August 7, 2011 by rebelwithalabelmaker
I have never liked mail. I have always found it an intrusion on my life. It piles up and creates clutter in the entry, and I can never seem to get it sorted and to the right people. I tend to feel that people with important things to say use email. So do people without important things to say, but fortunately my spam filters are very good.
No such filters on my mailbox, which inevitably piles up. I have tried various techniques, such as "don't bring it in from the mailbox unless you are ready to deal with it" (doesn't work–my mailbox only holds about a month's mail), or "open your mail over the recycling bin" (I inevitably get distracted by a catalogue, sit down to read it, and absentmindedly set the unsorted pile in the bin), or my personal favourite "dump it all in the drycleaning bin".
Mail is a major contributor to the clutter in our entryway, which is of course the first thing you see when you enter our home (well, currently the first thing you see is a four foot tall caped figure pointing a wand at you and yelling "Avada Kadevera" in a threatening manner, but we're working on that. I tell people "Aveda Kadevera" is French for "Welcome" but so far the body language is giving me away on that one). I was keeping on top of it (the mail, not the killing curse from Harry Potter) for a while, and feeling really good about the lack of mail clutter in the entry. Until I had a very disappointing conversation with Gary a month or two ago.
"My friend from Meadville hasn't gotten the cheque we sent." says me.
"Did you send it by mail?" asks Gary.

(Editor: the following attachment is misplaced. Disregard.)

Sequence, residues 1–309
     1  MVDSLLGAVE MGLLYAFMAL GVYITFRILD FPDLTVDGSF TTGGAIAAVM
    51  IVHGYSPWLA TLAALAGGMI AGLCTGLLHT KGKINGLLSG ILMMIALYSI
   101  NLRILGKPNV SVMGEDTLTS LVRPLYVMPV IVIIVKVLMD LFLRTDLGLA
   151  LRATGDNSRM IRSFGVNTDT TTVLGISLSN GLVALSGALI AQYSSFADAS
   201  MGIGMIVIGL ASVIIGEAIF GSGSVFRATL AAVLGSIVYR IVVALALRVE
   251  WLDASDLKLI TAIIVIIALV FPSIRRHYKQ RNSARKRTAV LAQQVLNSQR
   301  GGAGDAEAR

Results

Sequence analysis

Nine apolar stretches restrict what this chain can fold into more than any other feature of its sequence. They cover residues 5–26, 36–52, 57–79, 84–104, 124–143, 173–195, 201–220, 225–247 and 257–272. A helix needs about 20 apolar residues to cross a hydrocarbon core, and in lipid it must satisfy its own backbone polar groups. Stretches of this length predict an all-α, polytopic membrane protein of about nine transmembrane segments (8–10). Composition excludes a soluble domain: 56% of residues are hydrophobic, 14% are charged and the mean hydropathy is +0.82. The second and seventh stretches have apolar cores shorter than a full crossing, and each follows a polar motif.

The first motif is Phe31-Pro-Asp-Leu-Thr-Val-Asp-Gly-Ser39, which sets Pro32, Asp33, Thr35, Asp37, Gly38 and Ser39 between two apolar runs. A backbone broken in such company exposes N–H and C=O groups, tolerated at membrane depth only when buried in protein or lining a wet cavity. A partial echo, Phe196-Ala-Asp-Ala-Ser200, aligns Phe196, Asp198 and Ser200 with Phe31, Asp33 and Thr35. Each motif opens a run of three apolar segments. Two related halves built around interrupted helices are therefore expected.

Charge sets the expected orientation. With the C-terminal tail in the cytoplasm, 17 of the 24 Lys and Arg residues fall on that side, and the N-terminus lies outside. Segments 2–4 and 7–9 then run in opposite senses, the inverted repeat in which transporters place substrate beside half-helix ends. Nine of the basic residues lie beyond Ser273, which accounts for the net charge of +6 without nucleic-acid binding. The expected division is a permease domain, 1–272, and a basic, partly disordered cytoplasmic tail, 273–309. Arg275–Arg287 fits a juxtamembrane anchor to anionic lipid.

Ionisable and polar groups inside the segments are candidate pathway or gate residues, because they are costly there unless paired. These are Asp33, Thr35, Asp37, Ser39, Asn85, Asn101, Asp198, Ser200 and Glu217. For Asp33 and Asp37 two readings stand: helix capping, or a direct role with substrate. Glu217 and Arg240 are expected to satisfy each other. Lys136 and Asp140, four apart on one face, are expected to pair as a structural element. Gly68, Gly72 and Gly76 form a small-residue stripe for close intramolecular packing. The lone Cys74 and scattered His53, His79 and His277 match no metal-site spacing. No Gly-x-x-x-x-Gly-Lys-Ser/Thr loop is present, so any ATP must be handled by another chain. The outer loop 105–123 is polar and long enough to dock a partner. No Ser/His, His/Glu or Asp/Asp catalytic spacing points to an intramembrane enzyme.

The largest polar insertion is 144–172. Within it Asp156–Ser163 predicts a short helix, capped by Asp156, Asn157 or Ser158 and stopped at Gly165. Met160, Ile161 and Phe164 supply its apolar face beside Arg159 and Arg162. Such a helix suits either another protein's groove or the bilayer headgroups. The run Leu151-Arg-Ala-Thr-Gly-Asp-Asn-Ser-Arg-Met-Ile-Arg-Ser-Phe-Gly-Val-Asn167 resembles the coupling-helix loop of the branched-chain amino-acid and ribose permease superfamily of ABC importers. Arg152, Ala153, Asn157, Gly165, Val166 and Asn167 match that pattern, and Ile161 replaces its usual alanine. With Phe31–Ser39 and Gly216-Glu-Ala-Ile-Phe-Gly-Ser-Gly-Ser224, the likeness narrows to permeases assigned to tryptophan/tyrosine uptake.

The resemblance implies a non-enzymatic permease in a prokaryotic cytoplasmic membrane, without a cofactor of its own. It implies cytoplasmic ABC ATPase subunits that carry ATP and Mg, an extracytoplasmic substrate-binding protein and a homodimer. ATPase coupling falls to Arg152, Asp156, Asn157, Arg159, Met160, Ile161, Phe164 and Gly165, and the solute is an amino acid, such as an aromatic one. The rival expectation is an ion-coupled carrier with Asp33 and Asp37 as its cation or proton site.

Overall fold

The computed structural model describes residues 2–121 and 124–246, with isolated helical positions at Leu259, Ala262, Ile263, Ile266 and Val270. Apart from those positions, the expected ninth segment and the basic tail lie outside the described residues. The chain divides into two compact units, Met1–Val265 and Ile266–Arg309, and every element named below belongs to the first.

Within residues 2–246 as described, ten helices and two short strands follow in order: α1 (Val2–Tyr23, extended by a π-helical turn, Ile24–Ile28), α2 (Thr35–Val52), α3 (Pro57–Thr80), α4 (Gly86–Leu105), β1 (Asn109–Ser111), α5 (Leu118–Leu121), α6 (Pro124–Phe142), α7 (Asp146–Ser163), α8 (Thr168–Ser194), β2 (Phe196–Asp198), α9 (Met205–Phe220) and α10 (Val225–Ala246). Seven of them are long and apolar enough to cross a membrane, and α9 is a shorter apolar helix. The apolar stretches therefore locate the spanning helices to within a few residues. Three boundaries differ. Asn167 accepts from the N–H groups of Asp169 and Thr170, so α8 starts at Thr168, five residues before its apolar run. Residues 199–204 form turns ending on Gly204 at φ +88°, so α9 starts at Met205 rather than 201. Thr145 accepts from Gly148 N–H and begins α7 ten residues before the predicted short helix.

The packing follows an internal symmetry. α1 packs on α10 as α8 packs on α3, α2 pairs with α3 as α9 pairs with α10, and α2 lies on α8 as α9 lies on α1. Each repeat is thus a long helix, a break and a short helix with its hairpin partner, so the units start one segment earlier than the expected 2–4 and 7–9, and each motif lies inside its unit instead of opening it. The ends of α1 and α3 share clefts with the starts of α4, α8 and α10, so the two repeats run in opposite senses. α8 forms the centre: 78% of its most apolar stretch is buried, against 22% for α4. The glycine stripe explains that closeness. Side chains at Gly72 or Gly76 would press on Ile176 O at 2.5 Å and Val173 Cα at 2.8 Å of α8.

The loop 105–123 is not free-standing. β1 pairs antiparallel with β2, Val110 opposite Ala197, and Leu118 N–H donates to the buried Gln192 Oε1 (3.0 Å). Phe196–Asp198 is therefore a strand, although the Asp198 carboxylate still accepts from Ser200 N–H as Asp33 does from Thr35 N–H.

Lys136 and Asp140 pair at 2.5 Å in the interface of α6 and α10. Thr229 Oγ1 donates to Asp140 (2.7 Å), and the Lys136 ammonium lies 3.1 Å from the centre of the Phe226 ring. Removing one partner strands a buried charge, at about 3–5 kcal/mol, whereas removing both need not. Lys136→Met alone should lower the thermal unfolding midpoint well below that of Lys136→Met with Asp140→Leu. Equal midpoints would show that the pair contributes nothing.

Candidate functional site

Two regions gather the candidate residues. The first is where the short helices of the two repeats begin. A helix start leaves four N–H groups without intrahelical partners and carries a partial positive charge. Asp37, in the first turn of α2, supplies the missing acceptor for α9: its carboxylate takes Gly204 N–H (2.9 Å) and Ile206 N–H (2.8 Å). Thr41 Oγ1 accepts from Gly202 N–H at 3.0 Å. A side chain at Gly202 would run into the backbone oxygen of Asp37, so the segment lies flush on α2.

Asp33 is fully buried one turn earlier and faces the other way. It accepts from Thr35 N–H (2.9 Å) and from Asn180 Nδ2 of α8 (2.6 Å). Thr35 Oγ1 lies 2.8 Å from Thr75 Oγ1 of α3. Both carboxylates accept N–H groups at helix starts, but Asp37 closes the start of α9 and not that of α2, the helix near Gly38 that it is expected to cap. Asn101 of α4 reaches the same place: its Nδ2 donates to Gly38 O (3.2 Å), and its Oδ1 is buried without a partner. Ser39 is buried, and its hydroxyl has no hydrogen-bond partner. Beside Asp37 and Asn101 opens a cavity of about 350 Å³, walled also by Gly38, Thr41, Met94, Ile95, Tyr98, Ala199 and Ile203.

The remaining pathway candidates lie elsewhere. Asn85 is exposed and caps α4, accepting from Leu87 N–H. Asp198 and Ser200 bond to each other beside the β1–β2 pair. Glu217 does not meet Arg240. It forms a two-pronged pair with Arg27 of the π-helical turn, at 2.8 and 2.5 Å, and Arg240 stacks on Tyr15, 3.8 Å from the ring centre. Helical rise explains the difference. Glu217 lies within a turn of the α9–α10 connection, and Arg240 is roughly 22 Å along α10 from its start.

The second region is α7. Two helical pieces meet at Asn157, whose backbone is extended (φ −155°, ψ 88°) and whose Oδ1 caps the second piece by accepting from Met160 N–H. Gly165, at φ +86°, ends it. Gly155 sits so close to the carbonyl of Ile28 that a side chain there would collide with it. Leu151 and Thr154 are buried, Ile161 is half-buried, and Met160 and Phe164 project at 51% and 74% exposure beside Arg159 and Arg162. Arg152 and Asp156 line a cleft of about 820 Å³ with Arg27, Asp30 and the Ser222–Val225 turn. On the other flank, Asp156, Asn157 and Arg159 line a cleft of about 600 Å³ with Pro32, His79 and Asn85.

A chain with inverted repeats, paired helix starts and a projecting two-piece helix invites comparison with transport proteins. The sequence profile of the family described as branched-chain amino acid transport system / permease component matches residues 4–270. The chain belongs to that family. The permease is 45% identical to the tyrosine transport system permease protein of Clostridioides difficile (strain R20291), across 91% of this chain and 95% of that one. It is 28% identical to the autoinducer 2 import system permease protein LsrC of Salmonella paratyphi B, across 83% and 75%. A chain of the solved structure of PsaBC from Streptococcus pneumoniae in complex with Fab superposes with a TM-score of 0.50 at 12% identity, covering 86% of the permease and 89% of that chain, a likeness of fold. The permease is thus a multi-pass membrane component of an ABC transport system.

"Sure. I'm good with outgoing mail. And I'm getting better with the incoming stuff. Hey, did you notice how clean I've been keeping the entry?"
Pause. Gary is trying to figure out how to tactfully ask me if I'm aware that Canada Post has been on strike for over a month. He's also trying to figure out how I could be so proud that I had "dealt with the mail" without ever being tipped off by the fact that I hadn't actually touched any mail in a month…
This is not the only way that the mailbox has made me look stupid (clearly, the mailbox is at fault in the above scenario). We are having some stonework done on our house. Normally, I wouldn't notice something as insignificant as people sawing apart stone and attaching it to the outside walls, but my sister is visiting and she is a landscape architect so she cares about all kinds of outdoorsey things and regularly cleans up our yard which is very nice. She asks me all kinds of questions about the exterior renovations.
My sister: So tell me more about what's going on out front?
Me: It's not my fault. Stupid Harper legislated the postal workers back to work.
My sister: I meant the guys with the truckloads of stone.
Me: Oh, I don't mind them. They don't put any of that stuff in the mailbox.
Anyways, my sister looks a lot like me, so much so that the stone guys think that she is me. Which is really good because if she wants to know what they are doing to the front of the house she will have to ask them, which works better if they think she hired them. Or she could ask Gary, I guess, who actually did hire them. I'm assuming.
Last week, a stone guy stopped her on the way into the house.
"Ma'am," he says, "We're not sure what to do with this area beside the doorway. If we put the stone up all the way, we'll have to remove the mailbox."
A lengthy discussion ensues, and my sister weighs all of the design elements and the colouring and the architectural whosimicallit, and after much discussion they agree on a new location for the mailbox. She heads inside, well satisfied. Two minutes later, out comes me, uncharacteristically on top of checking for the mail for the day.
"Hey!" says me, "The mailbox moved!"
Stonecutter guys, who still think that my sister and I are the same person (and also that I suffer from great mood swings with regards to how much I care about the look of the front of my house) looks deeply concerned.
"We just discussed this…" he begins nervously.
"Oh, right." I say, smiling, and head back inside. "Sorry, that must have slipped my mind."
I believed him, of course. His was a plausible story. Also, I try to agree with people who are holding those big saws.